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Two part question:

  1. Is there a way to capture (react to the pressing of) the media playback control keys on a Mac keyboard (previous, play/pause, next) in a Google Chrome extension using strictly JavaScript?
  2. if (answerToQuestion1 === "no") is there a way to do it using some sort of native plugin (C/C++)?

I know that this should be possible, as Unity Music Media Keys does it (albeit I know that they're using a native plugin).

What I've looked at so far is this plugin, which claims to do it, but actually requires FunctionFlip to make the keys act as function keys, and reacts to the pressing of F7, F8, and F8.

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2 Answers 2

up vote 7 down vote accepted
+50

1 - nope =[

2 - Whoa - holy crap. I hadn't seen this extension before, so thank you for that. I dug into it a bit, and it seems that they install a .plugin on osx and a dll for windows support.

The decompiled plugin is only a couple hundred lines - https://gist.github.com/3849247.

They are using https://github.com/nevyn/SPMediaKeyTap as a way to plug in directly to the media keys (on os x). They are relaying that through a local socket.io server running on port 12345 to the browser, and the plugin is listening for events fired on it.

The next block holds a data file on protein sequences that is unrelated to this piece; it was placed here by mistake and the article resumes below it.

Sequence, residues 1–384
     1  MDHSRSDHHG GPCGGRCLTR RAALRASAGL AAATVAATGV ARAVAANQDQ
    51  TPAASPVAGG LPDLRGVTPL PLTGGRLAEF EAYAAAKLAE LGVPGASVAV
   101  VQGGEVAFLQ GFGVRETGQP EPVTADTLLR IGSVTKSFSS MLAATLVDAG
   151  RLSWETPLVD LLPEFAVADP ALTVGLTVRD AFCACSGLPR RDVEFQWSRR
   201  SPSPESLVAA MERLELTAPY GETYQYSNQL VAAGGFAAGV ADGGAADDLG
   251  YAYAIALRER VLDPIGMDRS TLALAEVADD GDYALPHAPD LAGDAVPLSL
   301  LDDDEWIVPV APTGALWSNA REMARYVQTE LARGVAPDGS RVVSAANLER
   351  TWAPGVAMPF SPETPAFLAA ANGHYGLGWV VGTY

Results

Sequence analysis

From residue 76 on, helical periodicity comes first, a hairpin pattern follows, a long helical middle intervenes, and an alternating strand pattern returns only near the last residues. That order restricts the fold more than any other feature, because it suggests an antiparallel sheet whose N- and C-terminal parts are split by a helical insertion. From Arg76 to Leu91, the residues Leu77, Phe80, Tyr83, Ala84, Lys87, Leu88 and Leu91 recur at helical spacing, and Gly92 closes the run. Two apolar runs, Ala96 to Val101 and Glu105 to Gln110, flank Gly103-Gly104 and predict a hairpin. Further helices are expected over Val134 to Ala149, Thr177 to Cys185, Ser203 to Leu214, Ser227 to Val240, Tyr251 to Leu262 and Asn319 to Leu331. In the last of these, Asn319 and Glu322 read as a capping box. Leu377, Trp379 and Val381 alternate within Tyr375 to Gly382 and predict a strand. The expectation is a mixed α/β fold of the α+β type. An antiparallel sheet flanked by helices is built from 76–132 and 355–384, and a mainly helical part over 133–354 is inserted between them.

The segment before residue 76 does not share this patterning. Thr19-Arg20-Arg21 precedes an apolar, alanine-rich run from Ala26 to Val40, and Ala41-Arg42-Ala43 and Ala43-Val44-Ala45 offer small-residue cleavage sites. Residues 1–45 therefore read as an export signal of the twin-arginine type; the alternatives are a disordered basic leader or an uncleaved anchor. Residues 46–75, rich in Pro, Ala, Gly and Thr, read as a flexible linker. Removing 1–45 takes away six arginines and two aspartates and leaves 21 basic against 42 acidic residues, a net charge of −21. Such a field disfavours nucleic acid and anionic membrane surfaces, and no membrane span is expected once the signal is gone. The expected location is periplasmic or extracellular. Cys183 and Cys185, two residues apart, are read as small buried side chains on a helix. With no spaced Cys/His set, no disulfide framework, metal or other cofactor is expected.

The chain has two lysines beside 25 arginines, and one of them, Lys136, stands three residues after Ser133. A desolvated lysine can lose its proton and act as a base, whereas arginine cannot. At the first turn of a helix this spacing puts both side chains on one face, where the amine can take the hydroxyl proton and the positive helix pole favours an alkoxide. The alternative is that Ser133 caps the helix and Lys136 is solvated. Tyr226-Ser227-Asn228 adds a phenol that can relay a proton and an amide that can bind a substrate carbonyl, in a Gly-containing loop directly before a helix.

supppper neat.

EDIT: This is now natively supported in chrome

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+1 Thanks for the help. I will for sure be looking into these. –  Whymarrh Oct 11 '12 at 1:35

Eventually I managed to accomplish what I was getting at. The final Chrome Extension can be see on GitHub.

How does it work?

The extension I originally linked to required that the function keys be "flipped" to actually be function keys and not have a special purpose, but doing so requires an extra keystroke to then perform the special functions (such as controlling keyboard backlights, volume, etc).

With great help from Patrick's answer, I used parts from nevyn/SPMediaKeyTap to capture the key presses outside the extension and libwebsockets to fire them over to the extension:

- (void) handleKeyCode: (int) kcode withKeyState: (int) kstate
{
    if (kstate) {
        return; // keydown
    }
    // keyup
    int len = 1;
    unsigned char data[LWS_SEND_BUFFER_PRE_PADDING + len + LWS_SEND_BUFFER_POST_PADDING];
    data[LWS_SEND_BUFFER_PRE_PADDING] = kcode;
    for (int i = 0; i < num_clients; i++) {
        libwebsocket_write(clients[i], &data[LWS_SEND_BUFFER_PRE_PADDING], len, LWS_WRITE_TEXT);
        NSLog(@"Sent %d", kcode);
    }
}

Inside Chrome, the extension simply injects the appropriate piece of JS into the host page:

this.onmessage = function (message) {
    var keyCode = message.data.charCodeAt(0);
    if (keyCode === 20) {
        inject(function () {
            window.R.player.previous();
        });
    }
    if (keyCode === 16) {
        inject(function () {
            window.R.player.playPause();
        });
    }
    if (keyCode === 19) {
        inject(function () {
            window.R.player.next();
        });
    }
};
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